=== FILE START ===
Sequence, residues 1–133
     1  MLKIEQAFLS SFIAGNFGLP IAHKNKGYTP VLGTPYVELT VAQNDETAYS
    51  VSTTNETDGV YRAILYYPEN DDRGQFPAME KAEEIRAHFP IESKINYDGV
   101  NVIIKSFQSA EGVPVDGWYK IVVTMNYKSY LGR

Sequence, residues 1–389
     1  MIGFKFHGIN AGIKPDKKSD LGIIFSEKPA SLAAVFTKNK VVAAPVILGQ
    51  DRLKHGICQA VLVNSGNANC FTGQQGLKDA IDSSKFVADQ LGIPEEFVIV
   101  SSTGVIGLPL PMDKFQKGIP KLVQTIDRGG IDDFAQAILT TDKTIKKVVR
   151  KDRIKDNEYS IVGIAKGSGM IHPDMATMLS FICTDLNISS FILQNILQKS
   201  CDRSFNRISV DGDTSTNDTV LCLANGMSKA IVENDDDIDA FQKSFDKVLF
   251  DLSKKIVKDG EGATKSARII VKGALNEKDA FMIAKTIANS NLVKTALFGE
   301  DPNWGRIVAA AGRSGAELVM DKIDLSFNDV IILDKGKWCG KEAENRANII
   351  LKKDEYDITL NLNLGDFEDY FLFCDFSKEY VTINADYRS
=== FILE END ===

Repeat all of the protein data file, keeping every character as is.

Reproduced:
Sequence, residues 1–133
     1  MLKIEQAFLS SFIAGNFGLP IAHKNKGYTP VLGTPYVELT VAQNDETAYS
    51  VSTTNETDGV YRAILYYPEN DDRGQFPAME KAEEIRAHFP IESKINYDGV
   101  NVIIKSFQSA EGVPVDGWYK IVVTMNYKSY LGR

Sequence, residues 1–389
     1  MIGFKFHGIN AGIKPDKKSD LGIIFSEKPA SLAAVFTKNK VVAAPVILGQ
    51  DRLKHGICQA VLVNSGNANC FTGQQGLKDA IDSSKFVADQ LGIPEEFVIV
   101  SSTGVIGLPL PMDKFQKGIP KLVQTIDRGG IDDFAQAILT TDKTIKKVVR
   151  KDRIKDNEYS IVGIAKGSGM IHPDMATMLS FICTDLNISS FILQNILQKS
   201  CDRSFNRISV DGDTSTNDTV LCLANGMSKA IVENDDDIDA FQKSFDKVLF
   251  DLSKKIVKDG EGATKSARII VKGALNEKDA FMIAKTIANS NLVKTALFGE
   301  DPNWGRIVAA AGRSGAELVM DKIDLSFNDV IILDKGKWCG KEAENRANII
   351  LKKDEYDITL NLNLGDFEDY FLFCDFSKEY VTINADYRS